Mr. Darcy's hand went quickly up to brush her cheek. "I am sure, Mrs. Darcy, anything you do will be for the best. Shall we retire? I find I am somewhat weary from my long ride today. These rick burnings in the district are worrying. I hope they will not spread to our land."
Elizabeth looked a little conscious. "I would not have you tired for all the world," she said. "By all means, let us go up."
Extract from:CHAPTER 4
Whom Shall We Invite?
"I accordingly invited them this morning . . ."
The prospect of the . . . ball was extremely agreeable to every female of the family.
- Jane Austen
On his return to Pemberley from Longbourn, Henry Darcy, Oxford graduate, tried to analyze his feelings, this sudden overwhelming attraction he felt to Eliza Collins, the odd girl who liked cats and caterpillars, looked at him with a prim mouth and laughing eyes, and encouraged him to talk. He had known her just three days. Her father was pompous and dull, her mother calm and pleasant, her sisters unremarkable. Jonathan, Eliza's brother, he liked. The three of them had walked and talked, Henry telling of Oxford, Jonathan of Cambridge, Henry of Keats and Byron and Shelley, and Jonathan of South America and the South Sea Islands, stag beetles and stick insects, while Eliza danced along beside them and turned over logs and rocks, whereupon she and her brother pored over the skittering inhabitants. It was she who listened and, by some apt question and the deep interest she took in all they had to say, set them off again. She was nothing like his sister, or his sister's friends. She was not self-conscious or coy; she made no attempt to attract. Her voice was clear and musical. In the evenings she and Jonathan sometimes sang duets. But it was her face that caught his eye and held his thoughts. She was small and active, and treated him with a casual friendliness that had changed, he thought and hoped, to something very much warmer before he left. He remembered her shy, wondering gaze at him. Eliza. He let her name sing in his mind. Eliza. A poem showed up in his memory, one his tutor had introduced him to, saying he was becoming too serious in his approach to literature. "Try Sir John Suckling, young Darcy," Mr. Lydgate had said. "A little robust humor will be just the thing."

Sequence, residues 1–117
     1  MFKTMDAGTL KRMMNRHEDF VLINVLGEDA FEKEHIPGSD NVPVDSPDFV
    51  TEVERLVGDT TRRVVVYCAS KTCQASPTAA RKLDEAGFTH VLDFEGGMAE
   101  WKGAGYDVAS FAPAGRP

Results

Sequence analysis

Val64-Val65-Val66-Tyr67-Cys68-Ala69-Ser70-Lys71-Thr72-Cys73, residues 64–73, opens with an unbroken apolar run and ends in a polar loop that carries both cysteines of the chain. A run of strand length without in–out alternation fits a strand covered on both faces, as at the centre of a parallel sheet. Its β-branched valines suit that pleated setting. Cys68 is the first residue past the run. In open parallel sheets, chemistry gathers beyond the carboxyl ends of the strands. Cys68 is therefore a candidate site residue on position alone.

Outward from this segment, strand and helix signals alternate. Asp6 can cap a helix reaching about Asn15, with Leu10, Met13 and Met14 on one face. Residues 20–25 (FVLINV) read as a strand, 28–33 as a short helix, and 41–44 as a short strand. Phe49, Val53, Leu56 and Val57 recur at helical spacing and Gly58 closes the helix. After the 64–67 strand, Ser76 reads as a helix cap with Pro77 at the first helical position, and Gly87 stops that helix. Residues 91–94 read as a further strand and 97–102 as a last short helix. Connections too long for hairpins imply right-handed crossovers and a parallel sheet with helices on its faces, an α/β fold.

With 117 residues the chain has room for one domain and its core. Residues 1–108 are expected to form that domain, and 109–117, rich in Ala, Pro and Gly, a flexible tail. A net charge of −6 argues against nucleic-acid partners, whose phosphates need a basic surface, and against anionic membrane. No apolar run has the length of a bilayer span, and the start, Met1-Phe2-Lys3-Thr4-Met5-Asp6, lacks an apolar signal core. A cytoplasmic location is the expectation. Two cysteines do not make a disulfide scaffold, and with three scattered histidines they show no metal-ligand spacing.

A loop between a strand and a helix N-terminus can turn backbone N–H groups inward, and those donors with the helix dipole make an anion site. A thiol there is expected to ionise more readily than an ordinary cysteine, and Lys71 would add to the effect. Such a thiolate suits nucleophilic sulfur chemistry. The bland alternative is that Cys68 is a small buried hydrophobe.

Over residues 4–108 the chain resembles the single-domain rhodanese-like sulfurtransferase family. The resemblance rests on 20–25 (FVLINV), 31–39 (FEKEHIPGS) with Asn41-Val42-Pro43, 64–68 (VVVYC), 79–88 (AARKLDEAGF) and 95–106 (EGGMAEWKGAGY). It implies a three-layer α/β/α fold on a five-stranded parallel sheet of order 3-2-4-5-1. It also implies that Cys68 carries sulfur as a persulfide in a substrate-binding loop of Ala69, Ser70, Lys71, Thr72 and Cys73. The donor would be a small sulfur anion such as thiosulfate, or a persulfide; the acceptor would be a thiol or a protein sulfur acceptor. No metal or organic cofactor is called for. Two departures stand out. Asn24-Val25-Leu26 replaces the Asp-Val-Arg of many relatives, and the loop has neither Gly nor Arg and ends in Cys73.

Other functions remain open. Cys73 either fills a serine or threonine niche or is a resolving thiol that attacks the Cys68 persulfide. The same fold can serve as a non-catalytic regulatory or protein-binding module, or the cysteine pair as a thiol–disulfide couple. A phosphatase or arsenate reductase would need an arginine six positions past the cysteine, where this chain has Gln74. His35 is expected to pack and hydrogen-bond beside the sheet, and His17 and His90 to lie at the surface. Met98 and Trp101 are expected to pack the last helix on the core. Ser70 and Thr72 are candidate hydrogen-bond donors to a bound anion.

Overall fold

Out upon it! I have loved
Three whole days together;And am like to love three more,
If it prove fair weather.
Had it any been but she,
And that very face,There had been at least ere this
A dozen dozen in her place.
That very face, he thought. Eliza.
Copyright 1997, Elizabeth Newark
At present the author is self-publishing this novella. Contact information:
Consequence by Elizabeth Newark
148 Newman Street
San Francisco CA 94110
Paperback; $12.50 + 2.50 (shipping and handling)
Note from Pemberley: These excerpts have been republished on the Republic of Pemberley web site for the enjoyment of our citizens, and their presence here means nothing else: the author didn't pay us to do it; we get no cut of book sales; we won't promise to give the same treatment to other Austen sequels -- we may indeed never do it again (or maybe we will ).